It’s time to kick those eco-efforts up a notch. We’ve got a cheat sheet of smart shortcuts, clever swaps and easy ways to green your home— and your days.
So you shop with a cloth bag, buy the occasional item in bulk, turn off the lights when you’re out and triumphantly organize your trash on garbage day. Still, it can be tough to know if you’re really doing enough.
Unfortunately, if you consider being a Recycling Queen the crowning achievement of your eco-efforts, you might need to rethink your sustainability strategy. “The problem—and this is a bit of a wake- up call—is that recycling really doesn’t work in a consistent and systemic way,” says Vito Buonsante, plastics program manager at Environmental Defence
Canada. In fact, only about nine percent of all plastic waste actually gets recycled. The reason why so little gets repurposed is complicated, but it comes down to the high cost of recycling coupled with the types of plastics being produced.
Ultimately, it’s time to think beyond the blue bin when it comes to shrinking our environmental footprint at home. After all, there’s also the reduce and reuse mantras—as well as reclaim, renew, rethink and refurbish—to consider.
Here are some smart ways to make life in every area of your home a little more sustainable.
In Your Closet
If you’re planning to add a few new items to your spring wardrobe, you’ll be happy to hear that sustainable styles are more readily available than ever. Nike recently announced a capsule collection of sustainable apparel, with pieces that meet a 90 percent or better marker of efficiency. (Basically, they’re made entirely from recycled materials.) Last fall, Canadian company Call It Spring launched a new line of shoes and accessories made with post-consumer recycled water bottles, diverting a load (295,629 bottles, to be exact) from landfills and waterways. Gap is using 33 recycled plastic bottles in each of its new Upcycled Raincoats. The brand is also launching its most sustainable denim yet, with 100-percent organic cotton and production techniques that use at least 20 percent less water.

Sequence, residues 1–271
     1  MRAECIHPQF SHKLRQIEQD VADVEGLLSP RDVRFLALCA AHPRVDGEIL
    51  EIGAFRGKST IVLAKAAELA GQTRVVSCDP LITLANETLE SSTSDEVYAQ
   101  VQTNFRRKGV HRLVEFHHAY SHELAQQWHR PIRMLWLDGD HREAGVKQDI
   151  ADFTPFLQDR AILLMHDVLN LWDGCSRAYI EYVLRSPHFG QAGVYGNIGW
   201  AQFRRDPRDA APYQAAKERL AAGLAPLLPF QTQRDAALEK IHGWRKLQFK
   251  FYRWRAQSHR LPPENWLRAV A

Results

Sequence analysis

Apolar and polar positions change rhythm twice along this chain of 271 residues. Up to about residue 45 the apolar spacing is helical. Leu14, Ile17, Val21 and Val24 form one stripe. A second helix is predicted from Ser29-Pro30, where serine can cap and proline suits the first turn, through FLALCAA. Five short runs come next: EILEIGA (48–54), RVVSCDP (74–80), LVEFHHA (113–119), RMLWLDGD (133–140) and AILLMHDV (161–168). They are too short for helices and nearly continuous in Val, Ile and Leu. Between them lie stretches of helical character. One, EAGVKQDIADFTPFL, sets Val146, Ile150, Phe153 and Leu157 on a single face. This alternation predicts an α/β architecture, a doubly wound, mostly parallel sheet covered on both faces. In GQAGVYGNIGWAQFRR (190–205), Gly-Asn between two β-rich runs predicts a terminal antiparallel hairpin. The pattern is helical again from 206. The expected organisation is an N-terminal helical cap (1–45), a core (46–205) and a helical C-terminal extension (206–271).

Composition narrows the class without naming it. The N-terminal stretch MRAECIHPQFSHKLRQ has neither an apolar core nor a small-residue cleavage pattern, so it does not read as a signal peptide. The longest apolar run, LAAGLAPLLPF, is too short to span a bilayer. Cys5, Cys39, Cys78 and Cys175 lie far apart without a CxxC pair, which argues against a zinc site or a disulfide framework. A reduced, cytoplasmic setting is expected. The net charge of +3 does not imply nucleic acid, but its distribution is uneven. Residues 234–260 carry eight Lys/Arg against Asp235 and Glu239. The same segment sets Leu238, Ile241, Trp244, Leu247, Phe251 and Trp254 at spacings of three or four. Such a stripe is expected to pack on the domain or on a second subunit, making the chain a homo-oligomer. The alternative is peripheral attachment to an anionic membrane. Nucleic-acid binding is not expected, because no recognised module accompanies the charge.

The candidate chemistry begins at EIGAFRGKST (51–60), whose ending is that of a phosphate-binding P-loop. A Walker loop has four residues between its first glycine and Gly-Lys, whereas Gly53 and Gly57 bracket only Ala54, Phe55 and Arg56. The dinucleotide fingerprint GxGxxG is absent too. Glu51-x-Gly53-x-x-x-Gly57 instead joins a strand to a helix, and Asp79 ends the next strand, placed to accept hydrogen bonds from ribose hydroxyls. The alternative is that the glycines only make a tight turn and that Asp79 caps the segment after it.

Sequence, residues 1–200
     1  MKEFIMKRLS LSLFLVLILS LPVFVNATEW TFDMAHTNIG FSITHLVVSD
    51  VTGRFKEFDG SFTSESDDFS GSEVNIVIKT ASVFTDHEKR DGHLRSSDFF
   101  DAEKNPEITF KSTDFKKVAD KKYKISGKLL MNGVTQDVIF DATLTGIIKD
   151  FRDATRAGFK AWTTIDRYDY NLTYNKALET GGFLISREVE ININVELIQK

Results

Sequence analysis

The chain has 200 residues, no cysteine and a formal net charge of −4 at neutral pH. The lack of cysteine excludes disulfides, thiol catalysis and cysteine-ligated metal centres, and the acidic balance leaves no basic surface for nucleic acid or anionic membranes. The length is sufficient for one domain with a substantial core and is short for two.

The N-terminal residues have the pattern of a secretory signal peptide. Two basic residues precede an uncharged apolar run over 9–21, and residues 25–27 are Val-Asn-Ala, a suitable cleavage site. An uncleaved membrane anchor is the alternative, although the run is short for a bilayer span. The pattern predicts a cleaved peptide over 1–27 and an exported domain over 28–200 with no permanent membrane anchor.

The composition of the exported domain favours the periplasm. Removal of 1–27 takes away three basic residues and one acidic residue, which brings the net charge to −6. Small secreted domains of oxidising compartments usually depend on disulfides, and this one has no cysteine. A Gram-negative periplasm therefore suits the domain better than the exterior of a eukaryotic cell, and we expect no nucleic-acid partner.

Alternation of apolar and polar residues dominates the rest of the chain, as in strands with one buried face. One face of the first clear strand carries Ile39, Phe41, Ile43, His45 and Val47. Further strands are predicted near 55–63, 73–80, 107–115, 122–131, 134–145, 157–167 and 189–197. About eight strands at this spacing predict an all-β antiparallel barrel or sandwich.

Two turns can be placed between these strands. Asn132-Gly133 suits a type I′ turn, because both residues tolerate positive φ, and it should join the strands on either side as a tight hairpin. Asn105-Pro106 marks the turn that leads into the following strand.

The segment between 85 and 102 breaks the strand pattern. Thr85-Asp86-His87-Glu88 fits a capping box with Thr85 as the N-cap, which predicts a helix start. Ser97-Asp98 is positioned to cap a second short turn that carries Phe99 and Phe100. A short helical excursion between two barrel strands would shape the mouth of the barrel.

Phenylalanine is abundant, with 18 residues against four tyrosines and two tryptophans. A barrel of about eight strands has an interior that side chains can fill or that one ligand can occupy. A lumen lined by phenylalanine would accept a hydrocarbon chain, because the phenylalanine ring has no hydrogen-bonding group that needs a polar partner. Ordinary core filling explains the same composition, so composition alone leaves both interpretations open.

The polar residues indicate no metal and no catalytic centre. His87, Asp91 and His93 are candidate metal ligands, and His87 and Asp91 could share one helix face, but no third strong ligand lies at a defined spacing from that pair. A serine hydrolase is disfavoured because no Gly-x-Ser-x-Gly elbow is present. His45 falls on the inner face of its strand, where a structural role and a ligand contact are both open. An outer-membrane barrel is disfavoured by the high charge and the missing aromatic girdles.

On top of using sustainable materials, outdoor brand Patagonia goes a step further, helping you repair garments and gear to make them last longer. Just take a worn item into a participating 1 retailer and they’ll fix it up or help you recycle it if necessary. After all, it’s estimated that on average, each Canadian throws away more than 80 pounds of clothing a year. Thankfully, there’s a rental revolution underway and it’s designed to
whittle away wardrobe waste while saving you money and adding variety to your closet. For example, online service Rent Frock Repeat promises to refresh your everyday wardrobe with a steady rotation of four items, selected by you or a stylist, for just $129 a month (including return shipping and dry cleaning, too).
Upcycled RAINCOAT, $128, gapcanada.ca.
NIKE Space Hippie SNEAKERS, $170, nike.com.
In The Washroom
Since some plastic tubes, lids, bottles and caps can’t go in the blue bin, alternative recycling is essential. A few of the brands you already know and love, like Burt’s Bees, Eos and Weleda's Skin Food, can be returned through TerraCycle, an international recycling program. Even still, the waste from personal-care products can really add up. More than two billion plastic razors and cartridges are tossed in the trash annually in the United States alone. Vancouver-based Well Kept has a solution for that, selling stylish solid brass razors that are made to last a lifetime.
You can also eliminate a large amount of packaging simply by swapping bottled hand soaps, shampoos and body washes for cleansing bars, says Buonsante, who has banned most bottles from his own bathroom. “That’s an incredibly easy way to avoid creating a lot of waste,” he says. Try buying refillable glass bottles and purchasing your family’s basic hair- and body-care products at the zero-waste markets popping up across the country.